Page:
The Service Members [tlrd]
The Boy Scouts, The St. Patrick's Day Parade, and Fighting Private Discrimination [tlrd]
The Men and Women of Faith [tlrd]
The Child Plaintiffs [tlrd]


Ari Ezra Waldman teaches at Brooklyn Law School and is concurrently getting his PhD at Columbia University in New York City. He is a 2002 graduate of Harvard College and a 2005 graduate of Harvard Law School. His research focuses on technology, privacy, speech, and gay rights. Ari will be writing weekly posts on law and various LGBT issues. 

Follow Ari on Twitter at @ariezrawaldman.


  1. Steven says

    If I were one of these lawyers, the last thing I would want is a paen from the repellent Ari Waldman, a man who bemoaned that Dharun Ravi’s life was “ruined.” Ari must have been overjoyed that Ravi got out after 20 days.

  2. Louis says

    “These men and women have been fighting for LGBT equality for decades.”

    False. These men and women have been fighting for equality for gays, lesbians and bisexuals for decades. The reactionary and homophobic concept of “LGBT” didn’t exist before the mid-1990s.

  3. Ken says

    What a very selective list. Apparently the names of people who the author knows are the ones who made it. No homework necessary to find out anyone else who might have been in the forefront 30 years ago.

  4. says

    Interesting list, and it certainly covers the major organizations. Wasn’t one of the early Mattachine goals legal advice and defense for people who had sex charges?

    I don’t know what’s “reactionary and homophobic” about including T in the mix, but I would question the accuracy of including B in discussing legal rights. Just what cases involved specifically B rights? It seems to me it would always be a question of B being discriminated against because of their G or L component. Does anyone have an example of actual legal discrimination (as opposed to bias within the LG community) on the basis of bisexuality?

  5. Louis says


    There probably were not many cases involving discrimination based on bisexuality specifically, but it seems very likely that some of the plaintiffs in these landmark cases over the decades were bisexual and of course all bisexuals benefit when sexual orientation is no longer a valid basis for discrimination.

    LBGT on the other hand is reactionary and homophobic because it is an affirmation of a defining linkage between homosexuality and crossdressing and a desire to alter one’s gender. This harkens back to the discredited theories of the early 20th century which suggested that gays were a kind of “third sex.” And LGBT affirms archaic stereotypes of gay men as wannabe women and lesbians as wannabe men – the very stereotypes that gay activists fought against from 1950 all the way up to the foul invention of LGBT. Gay men are men, lesbians are women. Being gay does not mean that you have a gender identity issue and it is a lie to lump LGBs in with Ts.

  6. Bob says

    John Ward was my neighbor in San Francisco for several years in the early 1990’s. We had, and have, a number of mutual acquaintances. I knew he maintained a practice in Boston as well but I was not aware, until I read your article, that he was the founder of GLAAD.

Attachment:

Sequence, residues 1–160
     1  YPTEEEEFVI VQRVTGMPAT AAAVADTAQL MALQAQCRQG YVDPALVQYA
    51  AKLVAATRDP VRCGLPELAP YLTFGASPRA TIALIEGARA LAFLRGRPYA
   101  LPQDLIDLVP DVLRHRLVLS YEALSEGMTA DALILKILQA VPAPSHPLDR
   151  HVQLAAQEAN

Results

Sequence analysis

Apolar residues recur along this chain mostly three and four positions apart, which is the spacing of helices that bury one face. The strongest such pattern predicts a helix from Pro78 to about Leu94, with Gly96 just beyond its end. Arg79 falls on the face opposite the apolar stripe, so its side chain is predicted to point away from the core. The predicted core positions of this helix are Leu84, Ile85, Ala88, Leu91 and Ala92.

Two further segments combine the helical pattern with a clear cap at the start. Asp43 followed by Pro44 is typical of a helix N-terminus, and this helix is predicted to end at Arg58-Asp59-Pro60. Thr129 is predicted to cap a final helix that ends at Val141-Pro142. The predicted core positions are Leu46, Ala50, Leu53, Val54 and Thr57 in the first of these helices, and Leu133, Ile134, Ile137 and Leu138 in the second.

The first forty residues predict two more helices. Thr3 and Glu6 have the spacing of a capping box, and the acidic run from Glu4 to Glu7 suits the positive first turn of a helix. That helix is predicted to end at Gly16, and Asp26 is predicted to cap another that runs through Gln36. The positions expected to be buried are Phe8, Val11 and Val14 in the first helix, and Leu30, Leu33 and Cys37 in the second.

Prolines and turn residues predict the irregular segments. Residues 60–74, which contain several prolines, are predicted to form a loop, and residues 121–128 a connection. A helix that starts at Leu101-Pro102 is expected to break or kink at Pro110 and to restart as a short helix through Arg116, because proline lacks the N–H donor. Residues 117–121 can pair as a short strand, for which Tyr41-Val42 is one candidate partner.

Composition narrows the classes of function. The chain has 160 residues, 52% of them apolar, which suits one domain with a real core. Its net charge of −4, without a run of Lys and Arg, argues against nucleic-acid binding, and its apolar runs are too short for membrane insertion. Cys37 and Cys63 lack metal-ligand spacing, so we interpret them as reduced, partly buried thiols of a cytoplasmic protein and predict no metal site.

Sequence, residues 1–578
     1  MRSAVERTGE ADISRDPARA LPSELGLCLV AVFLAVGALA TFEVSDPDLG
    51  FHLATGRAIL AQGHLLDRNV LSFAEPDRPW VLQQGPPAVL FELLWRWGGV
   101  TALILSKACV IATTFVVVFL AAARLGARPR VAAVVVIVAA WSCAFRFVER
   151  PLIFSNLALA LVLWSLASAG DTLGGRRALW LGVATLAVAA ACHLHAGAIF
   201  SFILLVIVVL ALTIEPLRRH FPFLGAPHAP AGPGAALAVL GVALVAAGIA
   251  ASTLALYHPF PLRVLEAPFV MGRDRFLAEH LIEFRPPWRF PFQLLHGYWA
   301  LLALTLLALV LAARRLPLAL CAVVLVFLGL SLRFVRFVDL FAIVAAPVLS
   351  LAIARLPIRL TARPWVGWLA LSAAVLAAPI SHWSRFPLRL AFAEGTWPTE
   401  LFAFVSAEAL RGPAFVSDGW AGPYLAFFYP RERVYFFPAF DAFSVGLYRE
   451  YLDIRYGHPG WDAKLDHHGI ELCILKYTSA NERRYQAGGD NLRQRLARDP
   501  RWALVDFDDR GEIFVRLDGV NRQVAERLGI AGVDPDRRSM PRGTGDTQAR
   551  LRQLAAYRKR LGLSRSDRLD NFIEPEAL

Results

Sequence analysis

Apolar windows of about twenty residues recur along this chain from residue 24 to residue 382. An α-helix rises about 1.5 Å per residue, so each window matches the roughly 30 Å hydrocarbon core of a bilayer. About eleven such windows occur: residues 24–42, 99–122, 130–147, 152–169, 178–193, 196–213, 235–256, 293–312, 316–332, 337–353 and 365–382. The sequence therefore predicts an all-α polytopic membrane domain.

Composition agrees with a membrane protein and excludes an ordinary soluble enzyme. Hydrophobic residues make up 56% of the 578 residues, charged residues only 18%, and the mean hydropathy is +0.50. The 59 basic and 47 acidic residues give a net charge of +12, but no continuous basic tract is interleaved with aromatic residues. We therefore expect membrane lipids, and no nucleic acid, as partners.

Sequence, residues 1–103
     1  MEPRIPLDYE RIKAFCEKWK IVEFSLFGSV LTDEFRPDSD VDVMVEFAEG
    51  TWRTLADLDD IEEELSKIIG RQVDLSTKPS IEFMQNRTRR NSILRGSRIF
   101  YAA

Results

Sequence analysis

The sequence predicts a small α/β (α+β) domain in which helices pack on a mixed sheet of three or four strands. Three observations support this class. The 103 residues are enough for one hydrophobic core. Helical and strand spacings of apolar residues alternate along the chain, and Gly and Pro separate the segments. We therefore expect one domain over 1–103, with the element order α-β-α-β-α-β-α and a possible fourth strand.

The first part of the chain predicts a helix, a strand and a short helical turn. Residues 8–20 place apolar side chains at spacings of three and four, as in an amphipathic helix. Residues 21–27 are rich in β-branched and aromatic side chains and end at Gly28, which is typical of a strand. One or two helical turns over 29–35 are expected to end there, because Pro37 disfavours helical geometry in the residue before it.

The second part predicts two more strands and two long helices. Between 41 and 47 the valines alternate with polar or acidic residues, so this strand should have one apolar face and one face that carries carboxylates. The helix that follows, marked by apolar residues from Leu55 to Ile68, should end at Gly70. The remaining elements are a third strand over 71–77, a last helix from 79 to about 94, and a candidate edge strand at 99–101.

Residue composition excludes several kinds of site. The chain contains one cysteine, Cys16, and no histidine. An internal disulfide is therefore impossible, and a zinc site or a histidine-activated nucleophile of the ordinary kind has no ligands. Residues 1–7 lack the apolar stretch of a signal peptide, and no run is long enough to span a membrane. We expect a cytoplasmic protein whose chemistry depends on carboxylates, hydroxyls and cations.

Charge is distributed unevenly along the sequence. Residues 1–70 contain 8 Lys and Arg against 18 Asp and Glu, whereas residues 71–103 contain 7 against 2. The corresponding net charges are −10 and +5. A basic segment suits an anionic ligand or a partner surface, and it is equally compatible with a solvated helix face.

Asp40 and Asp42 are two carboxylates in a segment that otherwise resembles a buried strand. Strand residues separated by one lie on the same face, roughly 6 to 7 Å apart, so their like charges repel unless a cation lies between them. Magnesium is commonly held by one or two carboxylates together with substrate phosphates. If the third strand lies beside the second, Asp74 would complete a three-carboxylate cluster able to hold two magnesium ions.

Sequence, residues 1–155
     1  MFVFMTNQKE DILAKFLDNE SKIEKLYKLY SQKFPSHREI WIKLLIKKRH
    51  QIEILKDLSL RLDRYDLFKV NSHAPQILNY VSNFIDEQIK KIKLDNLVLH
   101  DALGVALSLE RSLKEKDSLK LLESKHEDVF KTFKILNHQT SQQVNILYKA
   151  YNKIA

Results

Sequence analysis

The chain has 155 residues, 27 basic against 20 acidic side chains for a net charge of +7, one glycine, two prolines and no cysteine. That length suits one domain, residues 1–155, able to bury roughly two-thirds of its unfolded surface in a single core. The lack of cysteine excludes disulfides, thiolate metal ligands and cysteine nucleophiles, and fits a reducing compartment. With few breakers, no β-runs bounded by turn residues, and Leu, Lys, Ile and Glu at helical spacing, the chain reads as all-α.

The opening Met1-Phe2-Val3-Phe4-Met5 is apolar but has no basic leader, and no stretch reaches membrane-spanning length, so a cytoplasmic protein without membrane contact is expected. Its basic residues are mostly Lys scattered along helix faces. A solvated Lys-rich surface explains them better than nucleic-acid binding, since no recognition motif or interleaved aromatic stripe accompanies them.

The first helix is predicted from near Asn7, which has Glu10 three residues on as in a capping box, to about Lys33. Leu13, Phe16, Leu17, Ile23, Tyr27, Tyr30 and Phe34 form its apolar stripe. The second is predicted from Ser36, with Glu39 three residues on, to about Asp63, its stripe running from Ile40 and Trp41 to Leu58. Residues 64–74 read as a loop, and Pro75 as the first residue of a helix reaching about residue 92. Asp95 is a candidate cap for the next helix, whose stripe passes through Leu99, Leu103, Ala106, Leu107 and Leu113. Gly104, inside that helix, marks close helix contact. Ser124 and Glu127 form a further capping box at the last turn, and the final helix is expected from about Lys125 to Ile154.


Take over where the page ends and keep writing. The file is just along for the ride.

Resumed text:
As for Judge Hitchens, several years ago, prior to her retirement, I was among a group selected as potential jurors for a trial over which she was presiding. In this case at least I knew who she was. The selection process lasted several days, during which time she did her best to make things proceed with a minimum of pain and a maximum of humor.

  7. Dave says

    A lot of police call themselves the Army of God and some even have come out and said they are going to kill LGBT people. I was attacked by a Los Angeles County Police officer a year ago, my crime was being gay in public, I made a citizen complaint and they did nothing about it. One night after I filed the complaint 10 police officers went to my neighbors house at 4:00 in the morning to wake them up and tell them I called to complained about loud music. Little did the police know my neighbor called me to ask me why I called the police, he woke me up and I showed him the complaint I made on the police officer. I said it was the police getting back at me because I reported one of their officers. My neighbor said that the police are as bad as the gangs in Los Angeles, we laughed and went back to bed. True story I have poof the police tried to set me up to get my neighbors into a fight with me. This is proof gays are still oppressed by police today and yes a lot of police are anti-gay Christians who want to stop the LGBT people any way they can.

  8. Randal Oulton says

    In Canada, I’m aware how much an intellectual and moral debt we owe to GLAD in the states. My head bows.

    What I still can’t figure out is how American LGBT rights ended up still stuck in the 1970s, 40 years behind Canada. Just honestly don’t know the answer to that.

  9. Gary says

    Randal Oulton: Did you know Rick Bebout from the “Body Politic” in Toronto? He passes from AIDS in 2009. Noted Gay historian. He actually fought gay marriage for reasons explained in his website
    Rick Bebout “Gay Marriage? Wrong question. But it gets a nice Liberal answer.

  10. Justice says

    It may be just a bit too soon for congratulations. Since this whole marriage desire was manufactured by gays, we don’t have straights to blame. Nothing would please me more than to see DOMA upheld by The Supreme Court. That would be fantastic. Send gays back into the self proclaimed minority status — the same one they used to demand “equality” in the first place.